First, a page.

I do not know how to differentiate between the "Alter" of some alone and a group of people. What is the plural of "Alter"? Or is using "Alter" as plural customary?
»Alter« as in »what's your age?« is simply never used in plural form in German. [Edit: Okay, looks like some people use the plural form. Still, singular is much, much more common.]
However, the plural form does exist as can be seen by compound forms like »Zeitalter« (historic age) or »Erdzeitalter« (aeons/eons in English/geology):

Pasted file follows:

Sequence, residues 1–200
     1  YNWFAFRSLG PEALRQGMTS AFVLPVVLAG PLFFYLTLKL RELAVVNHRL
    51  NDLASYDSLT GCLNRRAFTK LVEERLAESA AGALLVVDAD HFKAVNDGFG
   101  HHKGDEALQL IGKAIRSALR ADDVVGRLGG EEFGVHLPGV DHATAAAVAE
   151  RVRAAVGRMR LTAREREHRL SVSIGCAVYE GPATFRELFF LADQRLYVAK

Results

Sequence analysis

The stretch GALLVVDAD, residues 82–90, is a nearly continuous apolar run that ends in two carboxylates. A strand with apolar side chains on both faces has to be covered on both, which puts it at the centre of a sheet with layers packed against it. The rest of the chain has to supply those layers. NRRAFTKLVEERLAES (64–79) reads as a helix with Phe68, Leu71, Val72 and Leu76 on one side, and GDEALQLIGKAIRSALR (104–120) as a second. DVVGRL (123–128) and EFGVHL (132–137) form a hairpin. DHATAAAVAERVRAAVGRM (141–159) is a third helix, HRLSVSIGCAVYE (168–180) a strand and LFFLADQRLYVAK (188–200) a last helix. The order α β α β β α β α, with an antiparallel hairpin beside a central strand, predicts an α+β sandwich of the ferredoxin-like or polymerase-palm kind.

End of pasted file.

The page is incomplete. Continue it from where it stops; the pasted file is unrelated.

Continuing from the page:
Der Geologe kennt alle Erdzeitalter auswendig. He knows all the eons (their sequence) by heart.
singular: das Alter, des Alters, dem Alter, das Alter
plural: die Alter, der Alter, den Altern, die Alter
Not much of a difference in form, as you can see.
A common term for age group in German is "Altersklasse", which has the regular plural form "Altersklassen".
If you mean:
das Alter - (i.e. age)
then it really has no plural, though usually composites like "das Zeitalter" or "das Menschenalter" have one.
If you mean the salutation like in:
"Eyy, Alter, hast du mal 'n Euro?"
then "Alter" is not really a substantive, but an ellipsis of "alter Mann".
There also exist
der Alte die Alte
and the plural is
like in "Altenheim" - a home for elder ones.